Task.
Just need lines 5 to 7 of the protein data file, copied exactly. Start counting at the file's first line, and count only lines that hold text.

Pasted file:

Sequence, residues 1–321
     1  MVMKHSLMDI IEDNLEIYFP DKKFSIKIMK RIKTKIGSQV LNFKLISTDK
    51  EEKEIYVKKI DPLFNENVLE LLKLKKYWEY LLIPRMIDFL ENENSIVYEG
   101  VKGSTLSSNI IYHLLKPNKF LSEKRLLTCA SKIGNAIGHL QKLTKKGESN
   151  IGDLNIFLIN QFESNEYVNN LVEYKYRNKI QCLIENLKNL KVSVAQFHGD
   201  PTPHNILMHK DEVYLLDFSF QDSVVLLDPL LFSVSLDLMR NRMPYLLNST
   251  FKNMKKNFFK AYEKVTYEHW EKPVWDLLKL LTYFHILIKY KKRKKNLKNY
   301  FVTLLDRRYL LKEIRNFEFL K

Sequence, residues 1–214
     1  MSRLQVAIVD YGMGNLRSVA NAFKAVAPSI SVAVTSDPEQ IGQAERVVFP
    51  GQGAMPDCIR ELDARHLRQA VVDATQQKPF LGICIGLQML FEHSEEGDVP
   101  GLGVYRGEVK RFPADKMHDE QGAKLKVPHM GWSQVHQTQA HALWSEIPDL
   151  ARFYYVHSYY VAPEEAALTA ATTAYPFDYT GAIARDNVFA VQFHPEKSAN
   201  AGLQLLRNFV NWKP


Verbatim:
   151  IGDLNIFLIN QFESNEYVNN LVEYKYRNKI QCLIENLKNL KVSVAQFHGD
   201  PTPHNILMHK DEVYLLDFSF QDSVVLLDPL LFSVSLDLMR NRMPYLLNST
   251  FKNMKKNFFK AYEKVTYEHW EKPVWDLLKL LTYFHILIKY KKRKKNLKNY